Harry Ransom CenterThe University of Texas at Austin

email signup Blog Video Facebook Twitter Instagram
Spring 2005 Newsletter

Et Ceterata


Ivory figures from the Lyde and Charles Devall

In the Far East, the craft of carving ivory has been revered for centuries. Ivory is prized for its close-grained texture, hardness, subtle shades of color, and smoothness. The method of carving ivory and the tools used are very simple and have remained relatively unchanged. Beautifully designed objects were created for definitive purposes, be they utilitarian, symbolic, or ritual.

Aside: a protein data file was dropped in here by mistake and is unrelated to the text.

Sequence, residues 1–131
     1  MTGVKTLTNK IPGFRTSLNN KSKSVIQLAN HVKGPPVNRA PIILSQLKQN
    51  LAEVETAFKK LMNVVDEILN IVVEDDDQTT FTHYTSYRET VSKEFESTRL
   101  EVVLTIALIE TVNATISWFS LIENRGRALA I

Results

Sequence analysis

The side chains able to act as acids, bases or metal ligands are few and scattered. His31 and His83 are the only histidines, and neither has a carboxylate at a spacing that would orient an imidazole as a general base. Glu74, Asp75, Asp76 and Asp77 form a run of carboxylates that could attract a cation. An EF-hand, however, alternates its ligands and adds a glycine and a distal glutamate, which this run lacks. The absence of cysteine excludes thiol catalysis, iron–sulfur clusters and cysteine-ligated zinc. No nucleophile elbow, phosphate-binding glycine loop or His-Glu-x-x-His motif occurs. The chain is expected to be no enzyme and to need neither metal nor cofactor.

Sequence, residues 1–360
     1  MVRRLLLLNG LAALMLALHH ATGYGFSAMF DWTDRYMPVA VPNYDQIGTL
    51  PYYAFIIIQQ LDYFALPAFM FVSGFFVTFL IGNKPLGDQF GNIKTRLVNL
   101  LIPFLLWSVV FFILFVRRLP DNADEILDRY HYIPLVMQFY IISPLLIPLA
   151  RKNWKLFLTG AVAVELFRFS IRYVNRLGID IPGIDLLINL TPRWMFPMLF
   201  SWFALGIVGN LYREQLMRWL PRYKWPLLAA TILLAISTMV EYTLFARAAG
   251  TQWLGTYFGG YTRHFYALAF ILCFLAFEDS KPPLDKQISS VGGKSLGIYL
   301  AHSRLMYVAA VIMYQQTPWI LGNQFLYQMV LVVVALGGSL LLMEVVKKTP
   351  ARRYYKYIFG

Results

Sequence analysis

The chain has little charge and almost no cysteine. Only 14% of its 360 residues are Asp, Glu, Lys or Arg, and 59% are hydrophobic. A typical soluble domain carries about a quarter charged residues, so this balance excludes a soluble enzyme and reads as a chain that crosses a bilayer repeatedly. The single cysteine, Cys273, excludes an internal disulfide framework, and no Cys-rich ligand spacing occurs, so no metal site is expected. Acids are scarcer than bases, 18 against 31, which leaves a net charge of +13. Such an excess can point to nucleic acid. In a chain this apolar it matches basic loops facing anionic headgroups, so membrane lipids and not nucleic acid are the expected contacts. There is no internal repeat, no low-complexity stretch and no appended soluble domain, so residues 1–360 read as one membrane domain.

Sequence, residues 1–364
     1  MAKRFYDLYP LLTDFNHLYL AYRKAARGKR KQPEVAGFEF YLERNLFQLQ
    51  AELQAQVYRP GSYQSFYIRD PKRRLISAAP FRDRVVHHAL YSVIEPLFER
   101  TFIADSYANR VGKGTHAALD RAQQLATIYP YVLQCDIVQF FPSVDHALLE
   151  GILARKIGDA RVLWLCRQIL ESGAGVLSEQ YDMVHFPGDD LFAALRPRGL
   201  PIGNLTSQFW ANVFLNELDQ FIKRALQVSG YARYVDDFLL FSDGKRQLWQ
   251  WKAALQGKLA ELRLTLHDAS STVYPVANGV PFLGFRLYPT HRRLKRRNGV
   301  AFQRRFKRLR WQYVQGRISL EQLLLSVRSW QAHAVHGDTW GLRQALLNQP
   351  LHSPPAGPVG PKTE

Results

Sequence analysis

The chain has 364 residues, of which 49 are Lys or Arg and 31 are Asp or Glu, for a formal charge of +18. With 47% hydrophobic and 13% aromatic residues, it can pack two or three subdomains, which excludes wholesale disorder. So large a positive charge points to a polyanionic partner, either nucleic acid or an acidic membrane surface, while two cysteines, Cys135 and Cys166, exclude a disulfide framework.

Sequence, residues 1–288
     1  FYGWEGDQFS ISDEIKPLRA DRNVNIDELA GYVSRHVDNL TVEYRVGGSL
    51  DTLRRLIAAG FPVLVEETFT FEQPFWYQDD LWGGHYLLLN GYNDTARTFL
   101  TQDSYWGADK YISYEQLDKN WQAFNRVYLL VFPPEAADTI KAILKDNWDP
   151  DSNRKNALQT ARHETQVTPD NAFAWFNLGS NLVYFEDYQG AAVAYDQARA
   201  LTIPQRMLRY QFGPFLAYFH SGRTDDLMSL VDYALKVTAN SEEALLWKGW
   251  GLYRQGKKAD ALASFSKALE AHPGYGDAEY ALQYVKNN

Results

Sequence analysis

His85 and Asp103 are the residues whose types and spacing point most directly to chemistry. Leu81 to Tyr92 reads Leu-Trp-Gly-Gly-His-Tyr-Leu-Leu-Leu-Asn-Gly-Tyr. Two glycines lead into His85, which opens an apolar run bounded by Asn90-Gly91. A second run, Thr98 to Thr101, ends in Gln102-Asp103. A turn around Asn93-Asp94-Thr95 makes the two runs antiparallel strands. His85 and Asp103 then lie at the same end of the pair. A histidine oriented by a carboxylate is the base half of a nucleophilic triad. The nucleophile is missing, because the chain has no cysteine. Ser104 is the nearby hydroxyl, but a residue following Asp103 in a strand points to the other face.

As trade was established between the East and West, the demand for oriental objects grew. Craftsmen produced a myriad of objects for export trade such as combs, fans, brushes, snuff boxes, cigarette holders, boxes of all shapes and sizes, bird cages, letter openers, and games. Ivory carvers did not, however, neglect their preferred medium of expression, the one most appreciated by the connoisseurs of their art — ivory figures.

The preferred subjects of these highly realistic pieces were old men, warriors, farmers, sages, beggars, fishermen, peasants, and mythical beings. These carved ivory figures show the true essence of the craftsman — an attention to detail in the creation of a perfectly-formed, flawless object of beauty.

The Ransom Center has in its holdings oriental carved ivory figures from the Lyde and Charles Devall Collection.  

-Darnelle Vanghel

Table of Contents